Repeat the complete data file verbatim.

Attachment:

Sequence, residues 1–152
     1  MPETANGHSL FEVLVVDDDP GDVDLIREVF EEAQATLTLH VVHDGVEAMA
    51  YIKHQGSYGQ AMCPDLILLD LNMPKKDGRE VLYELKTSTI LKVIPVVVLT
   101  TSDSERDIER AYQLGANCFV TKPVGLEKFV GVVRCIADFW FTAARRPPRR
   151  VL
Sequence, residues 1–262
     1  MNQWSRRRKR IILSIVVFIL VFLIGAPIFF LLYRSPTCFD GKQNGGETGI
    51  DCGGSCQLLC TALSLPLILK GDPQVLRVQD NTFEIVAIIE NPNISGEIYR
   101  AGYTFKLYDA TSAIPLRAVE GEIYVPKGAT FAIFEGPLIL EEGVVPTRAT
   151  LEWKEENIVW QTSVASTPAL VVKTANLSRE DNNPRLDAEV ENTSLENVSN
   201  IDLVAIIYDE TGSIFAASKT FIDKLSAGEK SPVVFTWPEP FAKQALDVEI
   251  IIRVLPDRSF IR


Sequence, residues 1–152
     1  MPETANGHSL FEVLVVDDDP GDVDLIREVF EEAQATLTLH VVHDGVEAMA
    51  YIKHQGSYGQ AMCPDLILLD LNMPKKDGRE VLYELKTSTI LKVIPVVVLT
   101  TSDSERDIER AYQLGANCFV TKPVGLEKFV GVVRCIADFW FTAARRPPRR
   151  VL
Sequence, residues 1–262
     1  MNQWSRRRKR IILSIVVFIL VFLIGAPIFF LLYRSPTCFD GKQNGGETGI
    51  DCGGSCQLLC TALSLPLILK GDPQVLRVQD NTFEIVAIIE NPNISGEIYR
   101  AGYTFKLYDA TSAIPLRAVE GEIYVPKGAT FAIFEGPLIL EEGVVPTRAT
   151  LEWKEENIVW QTSVASTPAL VVKTANLSRE DNNPRLDAEV ENTSLENVSN
   201  IDLVAIIYDE TGSIFAASKT FIDKLSAGEK SPVVFTWPEP FAKQALDVEI
   251  IIRVLPDRSF IR